The Helix Nebula in new colors

Jan 19, 2012
ESO's Visible and Infrared Survey Telescope for Astronomy (VISTA) has captured this unusual view of the Helix Nebula (NGC 7293), a planetary nebula located 700 light-years away. The coloured picture was created from images taken through Y, J and K infrared filters. While bringing to light a rich background of stars and galaxies, the telescope's infrared vision also reveals strands of cold nebular gas that are mostly obscured in visible images of the Helix. Credit: ESO/VISTA/J. Emerson. Acknowledgment: Cambridge Astronomical Survey Unit

(PhysOrg.com) -- ESO's VISTA telescope, at the Paranal Observatory in Chile, has captured a striking new image of the Helix Nebula. This picture, taken in infrared light, reveals strands of cold nebular gas that are invisible in images taken in visible light, as well as bringing to light a rich background of stars and galaxies.

The is one of the closest and most remarkable examples of a . It lies in the constellation of Aquarius (The Water Bearer), about 700 light-years away from Earth. This strange object formed when a star like the Sun was in the final stages of its life. Unable to hold onto its outer layers, the star slowly shed shells of gas that became the nebula. It is evolving to become a and appears as the tiny blue dot seen at the centre of the image.

The nebula itself is a complex object composed of dust, ionised material as well as molecular gas, arrayed in a beautiful and intricate flower-like pattern and glowing in the fierce glare of ultraviolet light from the central hot star.

This video is not supported by your browser at this time.
This video compares a new view of the Helix Nebula acquired with the VISTA telescope in infrared light with the more familiar view in visible light from the MPG/ESO 2.2-metre telescope at ESO's La Silla Observatory. The infrared vision of VISTA reveals strands of cold nebular gas that are mostly obscured in visible light images of the Helix. Credit: ESO/VISTA/J. Emerson. Acknowledgment: Cambridge Astronomical Survey Unit

The main ring of the Helix is about two light-years across, roughly half the distance between the Sun and the nearest star. However, material from the nebula spreads out from the star to at least four light-years. This is particularly clear in this since red molecular gas can be seen across much of the image.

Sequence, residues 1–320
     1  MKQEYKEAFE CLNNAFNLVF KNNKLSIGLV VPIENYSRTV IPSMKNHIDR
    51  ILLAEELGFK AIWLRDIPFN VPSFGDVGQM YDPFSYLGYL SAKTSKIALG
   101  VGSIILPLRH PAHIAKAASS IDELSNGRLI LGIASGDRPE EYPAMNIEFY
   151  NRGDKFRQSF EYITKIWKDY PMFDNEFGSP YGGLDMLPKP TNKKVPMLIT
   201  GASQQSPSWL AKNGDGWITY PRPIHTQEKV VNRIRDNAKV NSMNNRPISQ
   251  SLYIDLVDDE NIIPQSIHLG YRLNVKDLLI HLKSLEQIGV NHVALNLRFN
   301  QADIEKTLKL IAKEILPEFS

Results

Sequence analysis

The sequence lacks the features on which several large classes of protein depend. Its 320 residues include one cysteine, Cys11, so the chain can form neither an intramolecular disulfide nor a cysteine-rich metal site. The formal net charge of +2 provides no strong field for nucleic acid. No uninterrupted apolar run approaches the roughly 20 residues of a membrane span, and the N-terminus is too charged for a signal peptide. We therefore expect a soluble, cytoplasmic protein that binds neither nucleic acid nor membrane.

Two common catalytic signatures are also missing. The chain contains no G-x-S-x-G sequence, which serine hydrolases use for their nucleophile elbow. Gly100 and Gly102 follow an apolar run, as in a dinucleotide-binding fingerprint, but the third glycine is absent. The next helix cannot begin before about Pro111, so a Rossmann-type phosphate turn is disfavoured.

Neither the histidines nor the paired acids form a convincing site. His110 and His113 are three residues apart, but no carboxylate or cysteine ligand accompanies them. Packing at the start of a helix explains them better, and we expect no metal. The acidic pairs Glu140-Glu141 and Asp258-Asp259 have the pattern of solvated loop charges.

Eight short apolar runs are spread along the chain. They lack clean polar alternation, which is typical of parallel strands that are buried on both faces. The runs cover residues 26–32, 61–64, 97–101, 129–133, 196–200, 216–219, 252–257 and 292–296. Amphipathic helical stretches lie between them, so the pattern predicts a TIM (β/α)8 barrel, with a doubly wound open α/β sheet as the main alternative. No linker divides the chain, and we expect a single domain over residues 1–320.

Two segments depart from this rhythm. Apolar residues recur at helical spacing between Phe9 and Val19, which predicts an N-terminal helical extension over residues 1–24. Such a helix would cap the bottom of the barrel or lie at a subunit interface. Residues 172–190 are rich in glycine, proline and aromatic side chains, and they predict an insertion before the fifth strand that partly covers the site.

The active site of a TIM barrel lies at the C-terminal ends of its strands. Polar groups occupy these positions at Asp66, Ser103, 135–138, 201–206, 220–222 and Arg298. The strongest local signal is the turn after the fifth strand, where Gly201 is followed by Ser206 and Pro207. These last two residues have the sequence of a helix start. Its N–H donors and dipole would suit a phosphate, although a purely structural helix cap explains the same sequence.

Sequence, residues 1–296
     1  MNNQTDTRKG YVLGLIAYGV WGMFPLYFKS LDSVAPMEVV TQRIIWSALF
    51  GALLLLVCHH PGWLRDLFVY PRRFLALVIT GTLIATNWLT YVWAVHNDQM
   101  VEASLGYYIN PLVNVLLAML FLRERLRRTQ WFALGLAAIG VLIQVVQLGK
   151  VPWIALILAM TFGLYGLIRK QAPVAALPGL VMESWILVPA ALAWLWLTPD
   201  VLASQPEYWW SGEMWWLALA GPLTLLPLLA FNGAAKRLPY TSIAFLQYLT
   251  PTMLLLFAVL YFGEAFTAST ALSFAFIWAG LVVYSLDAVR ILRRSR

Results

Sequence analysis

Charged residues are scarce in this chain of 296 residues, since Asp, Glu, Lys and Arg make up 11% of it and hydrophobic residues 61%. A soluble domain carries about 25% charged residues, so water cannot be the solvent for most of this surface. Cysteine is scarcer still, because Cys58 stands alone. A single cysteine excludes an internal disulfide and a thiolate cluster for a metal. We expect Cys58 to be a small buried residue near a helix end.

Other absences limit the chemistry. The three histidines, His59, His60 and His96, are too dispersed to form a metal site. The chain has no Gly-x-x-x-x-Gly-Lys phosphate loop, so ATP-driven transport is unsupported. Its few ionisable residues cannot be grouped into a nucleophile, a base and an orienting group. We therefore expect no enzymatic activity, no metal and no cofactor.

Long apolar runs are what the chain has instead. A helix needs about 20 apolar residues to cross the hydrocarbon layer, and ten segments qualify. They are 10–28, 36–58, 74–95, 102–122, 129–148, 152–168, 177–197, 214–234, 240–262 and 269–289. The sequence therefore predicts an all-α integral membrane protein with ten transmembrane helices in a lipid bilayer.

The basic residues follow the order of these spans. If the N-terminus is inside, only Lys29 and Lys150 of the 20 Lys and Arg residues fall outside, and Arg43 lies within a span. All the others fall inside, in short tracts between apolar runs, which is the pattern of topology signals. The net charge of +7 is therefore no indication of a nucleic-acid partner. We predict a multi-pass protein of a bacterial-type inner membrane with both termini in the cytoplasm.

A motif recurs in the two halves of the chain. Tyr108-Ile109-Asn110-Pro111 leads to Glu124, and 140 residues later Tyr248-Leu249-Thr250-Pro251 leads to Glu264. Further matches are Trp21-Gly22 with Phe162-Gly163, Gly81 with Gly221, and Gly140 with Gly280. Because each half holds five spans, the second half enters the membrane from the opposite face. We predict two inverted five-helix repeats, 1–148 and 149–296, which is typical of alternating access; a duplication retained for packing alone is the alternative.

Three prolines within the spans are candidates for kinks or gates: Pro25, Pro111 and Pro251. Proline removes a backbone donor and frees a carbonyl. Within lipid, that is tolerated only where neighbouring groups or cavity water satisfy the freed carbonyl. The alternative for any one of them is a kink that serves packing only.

While hard to see visually, the glow from the thinly spread gas is easily captured by VISTA's special detectors, which are very sensitive to . The 4.1-metre telescope is also able to detect an impressive array of background .

The powerful vision of ESO's VISTA telescope also reveals fine structure in the nebula's rings. The infrared light picks out how the cooler, molecular gas is organised. The material clumps into filaments that radiate out from the centre and the whole view resembles a celestial firework display.

Even though they look tiny, these strands of molecular hydrogen, known as cometary knots, are about the size of our Solar System. The molecules in them are able to survive the high-energy radiation that emanates from the dying star precisely because they clump into these knots, which in turn are shielded by dust and . It is currently unclear how the cometary knots may have originated.

Explore further: Millisecond pulsars clearly demonstrate that pulsars are neutron stars

Related Stories

Into the eye of the helix

Feb 25, 2009

(PhysOrg.com) -- The Helix Nebula, NGC 7293, lies about 700 light-years away in the constellation of Aquarius (the Water Bearer). It is one of the closest and most spectacular examples of a planetary nebula.

Scientists discovers 'firework' display in Helix Nebula

Jul 20, 2009

(PhysOrg.com) -- A star does not die without getting noticed and may even leave the universe with "fireworks." At the end of its life cycle, a star begins to collapse in the middle and throws new material ...

A cosmic inkblot test

Aug 11, 2011

(PhysOrg.com) -- If this were an inkblot test, you might see a bow tie or a butterfly depending on your personality. An astronomer would likely see the remains of a dying star scattered about space -- precisely ...

The Last Confessions of a Dying Star

Mar 04, 2008

Probing a glowing bubble of gas and dust encircling a dying star, NASA's Hubble Space Telescope reveals a wealth of previously unseen structures.

VISTA stares deeply into the blue lagoon

Jan 05, 2011

This new infrared image of the Lagoon Nebula was captured as part of a five-year study of the Milky Way using ESO's VISTA telescope at the Paranal Observatory in Chile. This is a small piece of a much larger ...

Orion in a New Ligh (w/ Video)

Feb 10, 2010

(PhysOrg.com) -- The Orion Nebula reveals many of its hidden secrets in a dramatic image taken by ESO’s new VISTA survey telescope. The telescope’s huge field of view can show the full splendour of the ...

Recommended for you

How small can galaxies be?

Sep 29, 2014

Yesterday I talked about just how small a star can be, so today let's explore just how small a galaxy can be. Our Milky Way galaxy is about 100,000 light years across, and contains about 200 billion stars. Th ...

The coolest stars

Sep 29, 2014

One way that stars are categorized is by temperature. Since the temperature of a star can determine its visual color, this category scheme is known as spectral type. The main categories of spectral type are ...

Simulations reveal an unusual death for ancient stars

Sep 29, 2014

(Phys.org) —Certain primordial stars—those 55,000 and 56,000 times the mass of our Sun, or solar masses—may have died unusually. In death, these objects—among the Universe's first-generation of stars—would ...

User comments : 0